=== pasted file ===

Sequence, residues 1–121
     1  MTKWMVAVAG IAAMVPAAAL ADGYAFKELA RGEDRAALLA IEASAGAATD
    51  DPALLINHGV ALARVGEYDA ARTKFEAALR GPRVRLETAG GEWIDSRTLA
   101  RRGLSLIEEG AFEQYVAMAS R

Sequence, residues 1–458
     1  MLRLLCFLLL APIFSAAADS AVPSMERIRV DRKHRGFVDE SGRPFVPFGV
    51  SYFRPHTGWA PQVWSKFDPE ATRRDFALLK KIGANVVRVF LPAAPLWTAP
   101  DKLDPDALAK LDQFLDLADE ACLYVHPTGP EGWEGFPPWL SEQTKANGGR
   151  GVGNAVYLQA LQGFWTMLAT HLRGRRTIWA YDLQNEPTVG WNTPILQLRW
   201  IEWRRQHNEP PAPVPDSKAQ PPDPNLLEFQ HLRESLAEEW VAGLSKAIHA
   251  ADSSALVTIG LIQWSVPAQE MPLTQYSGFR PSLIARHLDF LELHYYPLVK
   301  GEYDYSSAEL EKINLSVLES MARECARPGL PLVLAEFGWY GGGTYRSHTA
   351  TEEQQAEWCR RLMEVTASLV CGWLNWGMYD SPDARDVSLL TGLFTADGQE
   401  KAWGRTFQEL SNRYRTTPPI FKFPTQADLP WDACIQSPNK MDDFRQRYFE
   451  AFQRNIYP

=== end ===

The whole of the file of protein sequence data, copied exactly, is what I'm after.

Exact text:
Sequence, residues 1–121
     1  MTKWMVAVAG IAAMVPAAAL ADGYAFKELA RGEDRAALLA IEASAGAATD
    51  DPALLINHGV ALARVGEYDA ARTKFEAALR GPRVRLETAG GEWIDSRTLA
   101  RRGLSLIEEG AFEQYVAMAS R

Sequence, residues 1–458
     1  MLRLLCFLLL APIFSAAADS AVPSMERIRV DRKHRGFVDE SGRPFVPFGV
    51  SYFRPHTGWA PQVWSKFDPE ATRRDFALLK KIGANVVRVF LPAAPLWTAP
   101  DKLDPDALAK LDQFLDLADE ACLYVHPTGP EGWEGFPPWL SEQTKANGGR
   151  GVGNAVYLQA LQGFWTMLAT HLRGRRTIWA YDLQNEPTVG WNTPILQLRW
   201  IEWRRQHNEP PAPVPDSKAQ PPDPNLLEFQ HLRESLAEEW VAGLSKAIHA
   251  ADSSALVTIG LIQWSVPAQE MPLTQYSGFR PSLIARHLDF LELHYYPLVK
   301  GEYDYSSAEL EKINLSVLES MARECARPGL PLVLAEFGWY GGGTYRSHTA
   351  TEEQQAEWCR RLMEVTASLV CGWLNWGMYD SPDARDVSLL TGLFTADGQE
   401  KAWGRTFQEL SNRYRTTPPI FKFPTQADLP WDACIQSPNK MDDFRQRYFE
   451  AFQRNIYP